Okay so they're not necessarily plastic (though they could be), and they probably won't "solve" climate change, but according to Klaus Lackner, a geophysicist at Columbia University, the concept would give us time to develop alternative energies and slow the damaging effects of CO2 in our atmosphere. The San Diego Union Tribune reported today that both real and fake trees are being explored as options to fight climate change. Researchers are looking at both options to suck up CO2 out of our atmosphere and it looks like the fake trees might be winning.
The idea would be to make tall, fake "trees" that collect CO2; not in the way a normal tree would gather CO2, but rather, by using filters that stick to CO2 as it passes by. The current prototypes are 1,000 times better than real trees at sucking up CO2 and they are not using energy to photosynthesize anything.
Scientists at the University of Maryland and the University of Griefswald in Germany, on the other hand, are looking to real trees for the answer. They say that if we could manage all of the forests in the world then we technically could offset all of our fossil fuel emissions. Though there are several problems with this strategy A) thats a lot of management B) you would need a system to bury the trees deep underground when they die otherwise you're still releasing CO2 and C) that assumes no growth in fossil fuel emissions.
How Can We Manage Forests To Capture CO2?
The UM professors suggest thinning forests every 5 years and burying the wood. The possibility even exists to have tree farms strictly for growth, capture of CO2 and burial. The catch: the scientists estimate it would take 2.47 billion acres of forest just to capture annual global carbon dioxide emissions. "Its about 1/4 of all the Earth's land surface currently covered by forest." While you can plant trees just about anywhere, location and type of tree also affects carbon capture.
In addition, huge forests of trees can be heat sinks, thus raising the temperatures around them. There are also questions about how increasing trees would affect the landscape around the area.
How do CO2 filter trees work?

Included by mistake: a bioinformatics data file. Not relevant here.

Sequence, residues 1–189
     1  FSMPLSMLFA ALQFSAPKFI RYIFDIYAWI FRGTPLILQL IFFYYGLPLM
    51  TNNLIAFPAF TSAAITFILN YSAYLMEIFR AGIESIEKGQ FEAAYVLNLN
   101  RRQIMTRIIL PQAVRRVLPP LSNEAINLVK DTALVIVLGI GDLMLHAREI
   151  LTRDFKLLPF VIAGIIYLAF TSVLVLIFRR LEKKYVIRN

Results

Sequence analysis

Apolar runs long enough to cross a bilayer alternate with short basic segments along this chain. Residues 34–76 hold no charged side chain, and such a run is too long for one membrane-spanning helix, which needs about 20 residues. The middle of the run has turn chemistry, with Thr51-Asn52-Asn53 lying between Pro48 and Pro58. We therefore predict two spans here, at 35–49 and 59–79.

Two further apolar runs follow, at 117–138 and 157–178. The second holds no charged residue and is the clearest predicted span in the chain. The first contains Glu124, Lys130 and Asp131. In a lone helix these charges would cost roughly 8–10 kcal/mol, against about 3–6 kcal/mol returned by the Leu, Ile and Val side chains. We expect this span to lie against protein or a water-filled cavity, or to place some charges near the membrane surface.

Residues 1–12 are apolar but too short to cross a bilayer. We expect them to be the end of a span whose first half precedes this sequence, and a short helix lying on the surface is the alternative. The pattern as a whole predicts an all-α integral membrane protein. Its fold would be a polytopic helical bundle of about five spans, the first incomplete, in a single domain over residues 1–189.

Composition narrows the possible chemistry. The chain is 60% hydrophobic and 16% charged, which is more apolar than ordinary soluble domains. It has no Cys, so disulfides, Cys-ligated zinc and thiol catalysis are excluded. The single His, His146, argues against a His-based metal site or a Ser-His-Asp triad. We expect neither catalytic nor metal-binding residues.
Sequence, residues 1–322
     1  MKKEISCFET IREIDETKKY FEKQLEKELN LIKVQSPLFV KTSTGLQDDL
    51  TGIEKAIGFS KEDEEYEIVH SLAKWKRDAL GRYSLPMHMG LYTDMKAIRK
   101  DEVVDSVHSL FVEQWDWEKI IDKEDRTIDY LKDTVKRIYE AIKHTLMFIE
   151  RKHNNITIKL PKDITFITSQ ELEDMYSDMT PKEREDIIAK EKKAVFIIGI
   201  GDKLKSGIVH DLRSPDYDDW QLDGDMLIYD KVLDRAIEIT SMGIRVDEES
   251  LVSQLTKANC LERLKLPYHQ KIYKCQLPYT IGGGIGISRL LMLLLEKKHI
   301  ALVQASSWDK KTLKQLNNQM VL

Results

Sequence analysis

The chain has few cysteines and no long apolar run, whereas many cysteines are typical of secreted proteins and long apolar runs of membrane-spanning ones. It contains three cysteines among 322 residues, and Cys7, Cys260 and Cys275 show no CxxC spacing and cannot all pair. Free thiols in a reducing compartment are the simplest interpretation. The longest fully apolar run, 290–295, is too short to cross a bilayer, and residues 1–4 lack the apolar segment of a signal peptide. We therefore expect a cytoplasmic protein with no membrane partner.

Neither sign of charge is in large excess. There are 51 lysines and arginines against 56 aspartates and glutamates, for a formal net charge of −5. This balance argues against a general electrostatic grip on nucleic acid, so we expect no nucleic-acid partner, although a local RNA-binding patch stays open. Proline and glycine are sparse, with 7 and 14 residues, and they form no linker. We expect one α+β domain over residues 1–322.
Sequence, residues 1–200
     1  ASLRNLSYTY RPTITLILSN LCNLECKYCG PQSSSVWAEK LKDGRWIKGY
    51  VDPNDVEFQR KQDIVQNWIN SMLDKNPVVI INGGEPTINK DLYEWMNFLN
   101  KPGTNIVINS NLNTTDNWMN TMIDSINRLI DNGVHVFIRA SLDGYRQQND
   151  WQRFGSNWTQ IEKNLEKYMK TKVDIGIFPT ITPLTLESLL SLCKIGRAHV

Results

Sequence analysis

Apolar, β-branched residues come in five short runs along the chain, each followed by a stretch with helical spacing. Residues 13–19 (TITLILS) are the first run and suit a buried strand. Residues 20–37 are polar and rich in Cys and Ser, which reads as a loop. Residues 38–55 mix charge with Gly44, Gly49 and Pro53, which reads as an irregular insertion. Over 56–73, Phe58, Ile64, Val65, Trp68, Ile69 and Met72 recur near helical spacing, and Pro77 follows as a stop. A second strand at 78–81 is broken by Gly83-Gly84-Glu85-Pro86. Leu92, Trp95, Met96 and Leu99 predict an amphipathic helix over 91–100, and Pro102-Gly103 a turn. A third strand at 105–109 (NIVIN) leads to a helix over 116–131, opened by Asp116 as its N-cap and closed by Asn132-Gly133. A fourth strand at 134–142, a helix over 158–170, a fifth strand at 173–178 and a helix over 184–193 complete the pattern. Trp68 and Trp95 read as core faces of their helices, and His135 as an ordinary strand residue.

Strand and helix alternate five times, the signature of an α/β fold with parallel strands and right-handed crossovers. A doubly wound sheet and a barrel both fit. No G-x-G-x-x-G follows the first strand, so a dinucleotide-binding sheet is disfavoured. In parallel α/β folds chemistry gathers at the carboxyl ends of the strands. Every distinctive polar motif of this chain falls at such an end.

The fake trees are in test phase right now in Arizona. After several trials, they have a version that requires very little energy to operate. Basically, they use "tree trunks" that are multiple filters coated in a plastic resin. When air passes over the filter, the CO2 sticks to the resin and creates sodium carbonate (soda ash). When the filters are exposed to moisture the sodium carbonate is released and can then be stored/buried. The filters are then reusable.
What's even better is that they are so effective. A 20 square inch filter piece can take up the annual carbon emissions of one American in one year. One of these "trees" is 55 feet by 65 feet, and captures 90,000 tons of CO2 each year, equal to 15,000 cars. Now we're talking.
Continued-Okay so they're not necessarily plastic (though they could be), and they probably... more
"For eons, the world’s oceans have been sucking carbon dioxide out of the atmosphere and releasing it again in a steady inhale and exhale. The ocean takes up carbon dioxide through photosynthesis by plant-like organisms (phytoplankton), as well as by simple chemistry: carbon dioxide dissolves in water. It reacts with seawater, creating carbonic acid. Carbonic acid releases hydrogen ions, which combine with carbonate in seawater to form bicarbonate, a form of carbon that doesn’t escape the ocean easily.
Crew members aboard the R/V Roger Revelle retrieve a CTD rosette from the frigid waters of the Southern Ocean. As the device is lowered into the ocean, electronic instruments measure salinity, temperature, and depth. Each of the white bottles collects seawater at different depths for detailed analysis. (Photograph ©2008 Brett longworth.)
As we burn fossil fuels and atmospheric carbon dioxide levels go up, the ocean absorbs more carbon dioxide to stay in balance. But this absorption has a price: these reactions lower the water’s pH, meaning it’s more acidic. And the ocean has its limits. As temperatures rise, carbon dioxide leaks out of the ocean like a glass of root beer going flat on a warm day. Carbonate gets used up and has to be re-stocked by upwelling of deeper waters, which are rich in carbonate dissolved from limestone and other rocks.
In the center of the ocean, wind-driven currents bring cool waters and fresh carbonate to the surface. The new water takes up yet more carbon to match the atmosphere, while the old water carries the carbon it has captured into the ocean.